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Banks ‘must ease up’ on businesses in arrears

Banks should give greater consideration to the viability of businesses struggling with non-performing loans when arranging debt deals, a chief economist has said.

Rowena Dwyer, of the Irish Farmers’ Association (IFA), said that lenders should be more accommodating of small businesses which are in arrears but could eventually repay their debts.

“Discussions [with banks] are all about what can be recovered, what can be maximised and so on, but not actually about leaving a viable business behind,” Ms Dwyer said.

She was reacting to a recommendation from the European Commission that Irish banks should offer debt write-offs for viable businesses and households to tackle the persistently high level of non-performing loans (NPLs) on their balance sheets. In its recommendations published last month the commission said that the stock of NPLs had been declining over the past year but that the pace of reduction was slowing down.

Ms Dwyer said that she was “struck” by the recommendation as it was the first time such a policy had been endorsed by the commission.

Irish banks have been slow to agree debt-forgiveness deals for Irish businesses and households as they look to recoup as much as possible from the outstanding loans. There have also been fears that debt writedowns could encourage moral hazard whereby borrowers intentionally default on their loans with the expectation of having some or all of their debt forgiven.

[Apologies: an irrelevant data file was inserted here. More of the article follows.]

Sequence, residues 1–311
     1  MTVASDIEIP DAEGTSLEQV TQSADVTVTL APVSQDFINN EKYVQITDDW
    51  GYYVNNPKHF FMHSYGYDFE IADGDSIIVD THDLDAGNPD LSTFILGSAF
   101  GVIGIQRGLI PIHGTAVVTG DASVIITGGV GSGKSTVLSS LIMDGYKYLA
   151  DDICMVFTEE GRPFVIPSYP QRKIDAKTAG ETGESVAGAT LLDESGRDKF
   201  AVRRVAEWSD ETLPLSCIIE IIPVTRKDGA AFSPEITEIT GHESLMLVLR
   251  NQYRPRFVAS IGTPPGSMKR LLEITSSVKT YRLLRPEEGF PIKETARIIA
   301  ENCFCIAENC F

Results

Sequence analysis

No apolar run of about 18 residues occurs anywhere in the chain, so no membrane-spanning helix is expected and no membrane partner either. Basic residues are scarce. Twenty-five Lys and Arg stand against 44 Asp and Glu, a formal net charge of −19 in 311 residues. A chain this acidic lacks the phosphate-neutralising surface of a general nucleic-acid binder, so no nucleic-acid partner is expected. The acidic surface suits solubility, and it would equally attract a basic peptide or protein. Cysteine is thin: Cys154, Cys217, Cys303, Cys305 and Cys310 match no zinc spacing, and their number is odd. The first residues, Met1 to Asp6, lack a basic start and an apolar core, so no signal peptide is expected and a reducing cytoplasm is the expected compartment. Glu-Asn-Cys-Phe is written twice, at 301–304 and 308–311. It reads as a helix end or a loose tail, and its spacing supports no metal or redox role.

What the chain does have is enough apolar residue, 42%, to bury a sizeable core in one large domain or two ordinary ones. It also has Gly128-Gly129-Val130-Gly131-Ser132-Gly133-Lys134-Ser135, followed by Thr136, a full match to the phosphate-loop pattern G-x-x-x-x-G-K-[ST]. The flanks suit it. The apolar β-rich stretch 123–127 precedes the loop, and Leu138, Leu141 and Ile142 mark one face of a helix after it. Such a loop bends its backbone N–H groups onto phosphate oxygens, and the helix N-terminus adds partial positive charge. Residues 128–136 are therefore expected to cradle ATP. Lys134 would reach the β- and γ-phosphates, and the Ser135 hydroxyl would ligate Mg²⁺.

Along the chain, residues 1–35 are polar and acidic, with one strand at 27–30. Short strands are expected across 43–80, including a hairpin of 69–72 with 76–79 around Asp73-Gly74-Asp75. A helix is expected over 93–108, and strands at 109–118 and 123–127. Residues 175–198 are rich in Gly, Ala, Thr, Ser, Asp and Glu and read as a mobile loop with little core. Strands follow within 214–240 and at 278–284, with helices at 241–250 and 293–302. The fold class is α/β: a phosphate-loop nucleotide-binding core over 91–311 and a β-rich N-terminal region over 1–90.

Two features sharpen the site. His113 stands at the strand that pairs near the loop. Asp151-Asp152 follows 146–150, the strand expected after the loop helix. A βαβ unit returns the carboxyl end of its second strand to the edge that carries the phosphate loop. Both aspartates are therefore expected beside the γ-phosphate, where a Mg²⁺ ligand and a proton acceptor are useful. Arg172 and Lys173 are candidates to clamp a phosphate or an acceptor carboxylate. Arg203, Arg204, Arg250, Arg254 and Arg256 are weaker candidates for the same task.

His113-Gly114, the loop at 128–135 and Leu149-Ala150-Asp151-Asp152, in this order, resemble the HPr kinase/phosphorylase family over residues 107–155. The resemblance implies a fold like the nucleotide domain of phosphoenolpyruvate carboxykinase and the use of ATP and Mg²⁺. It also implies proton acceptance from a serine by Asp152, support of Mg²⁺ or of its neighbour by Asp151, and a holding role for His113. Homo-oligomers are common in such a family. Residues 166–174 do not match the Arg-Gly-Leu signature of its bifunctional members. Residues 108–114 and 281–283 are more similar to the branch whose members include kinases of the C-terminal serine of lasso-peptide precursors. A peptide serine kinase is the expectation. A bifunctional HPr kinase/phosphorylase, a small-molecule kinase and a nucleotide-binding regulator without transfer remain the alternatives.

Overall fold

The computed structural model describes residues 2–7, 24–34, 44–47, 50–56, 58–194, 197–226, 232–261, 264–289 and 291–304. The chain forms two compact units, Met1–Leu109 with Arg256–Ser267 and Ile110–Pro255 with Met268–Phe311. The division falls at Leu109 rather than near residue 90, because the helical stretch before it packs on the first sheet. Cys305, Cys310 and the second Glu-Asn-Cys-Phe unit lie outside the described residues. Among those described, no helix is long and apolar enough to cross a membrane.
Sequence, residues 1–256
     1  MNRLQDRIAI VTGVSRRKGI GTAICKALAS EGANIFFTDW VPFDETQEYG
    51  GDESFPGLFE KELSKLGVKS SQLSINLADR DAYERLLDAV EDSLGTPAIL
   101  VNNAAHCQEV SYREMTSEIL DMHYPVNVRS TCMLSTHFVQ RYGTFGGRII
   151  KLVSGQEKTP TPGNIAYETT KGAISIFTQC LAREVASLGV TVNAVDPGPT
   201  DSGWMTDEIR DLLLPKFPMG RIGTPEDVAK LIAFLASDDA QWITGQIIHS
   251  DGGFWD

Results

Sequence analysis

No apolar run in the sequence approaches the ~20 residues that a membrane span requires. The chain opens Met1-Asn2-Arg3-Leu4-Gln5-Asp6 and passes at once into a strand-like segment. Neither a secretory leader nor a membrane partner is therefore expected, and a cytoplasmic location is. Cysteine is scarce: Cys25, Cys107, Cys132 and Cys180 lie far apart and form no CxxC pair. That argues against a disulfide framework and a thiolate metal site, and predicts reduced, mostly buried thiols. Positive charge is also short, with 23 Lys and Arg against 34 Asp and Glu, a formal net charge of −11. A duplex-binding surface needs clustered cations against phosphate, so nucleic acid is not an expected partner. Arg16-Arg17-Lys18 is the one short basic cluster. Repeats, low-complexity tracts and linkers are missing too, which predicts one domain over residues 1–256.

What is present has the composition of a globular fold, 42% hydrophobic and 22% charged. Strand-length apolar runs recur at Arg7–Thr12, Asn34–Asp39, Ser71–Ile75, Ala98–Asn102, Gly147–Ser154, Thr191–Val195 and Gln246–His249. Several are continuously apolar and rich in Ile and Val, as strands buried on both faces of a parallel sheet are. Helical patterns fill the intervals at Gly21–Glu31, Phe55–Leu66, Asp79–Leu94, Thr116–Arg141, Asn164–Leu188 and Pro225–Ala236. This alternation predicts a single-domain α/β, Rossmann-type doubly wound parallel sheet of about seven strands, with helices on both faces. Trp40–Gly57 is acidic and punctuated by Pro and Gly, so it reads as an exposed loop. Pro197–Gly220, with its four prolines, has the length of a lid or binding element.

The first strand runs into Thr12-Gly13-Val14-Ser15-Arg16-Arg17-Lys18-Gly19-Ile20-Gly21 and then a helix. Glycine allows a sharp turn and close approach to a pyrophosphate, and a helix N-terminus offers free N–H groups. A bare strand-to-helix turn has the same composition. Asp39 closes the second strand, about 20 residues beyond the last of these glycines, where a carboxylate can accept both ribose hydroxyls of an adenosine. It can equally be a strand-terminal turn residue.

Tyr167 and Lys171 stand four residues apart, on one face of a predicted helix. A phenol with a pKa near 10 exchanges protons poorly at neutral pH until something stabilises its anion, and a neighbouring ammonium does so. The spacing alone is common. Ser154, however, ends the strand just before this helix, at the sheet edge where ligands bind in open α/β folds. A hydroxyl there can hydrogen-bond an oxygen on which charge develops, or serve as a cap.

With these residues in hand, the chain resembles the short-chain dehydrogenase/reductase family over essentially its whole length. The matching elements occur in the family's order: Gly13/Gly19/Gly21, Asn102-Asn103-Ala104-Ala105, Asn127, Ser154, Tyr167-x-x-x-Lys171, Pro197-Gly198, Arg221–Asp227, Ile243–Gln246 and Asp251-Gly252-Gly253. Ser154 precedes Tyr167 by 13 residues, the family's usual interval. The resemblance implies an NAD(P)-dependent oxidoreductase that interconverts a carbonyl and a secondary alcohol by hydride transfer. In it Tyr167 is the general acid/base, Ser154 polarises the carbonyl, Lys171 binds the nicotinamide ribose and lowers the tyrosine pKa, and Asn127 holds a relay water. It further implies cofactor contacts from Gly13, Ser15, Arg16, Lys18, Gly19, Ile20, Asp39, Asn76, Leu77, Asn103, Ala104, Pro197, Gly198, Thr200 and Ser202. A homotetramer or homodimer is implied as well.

Ms Dwyer said: “We absolutely need to tackle non-performing loans. It’s been a horrible decade for those who find themselves in that situation. At macroeconomic level our banks need to be in better health.

“I was very struck by the fact that the [commission’s] recommendations gave an explicit recommendation to include, as part of the options for dealing with non-performing loans, write-offs for viable businesses because up until now the negotiating environment certainly hasn’t allowed for that.”

She said she was “not for a second” suggesting blanket write-offs for struggling borrowers but that if the country’s government and banks were serious about implementing the recommendation lenders should take greater heed of the repayment capacity of businesses.

Non-performing loans account for 14 per cent of domestic banks’ loan books compared with a peak of 37 per cent at the end of 2013. The average across the EU is 5.3 per cent.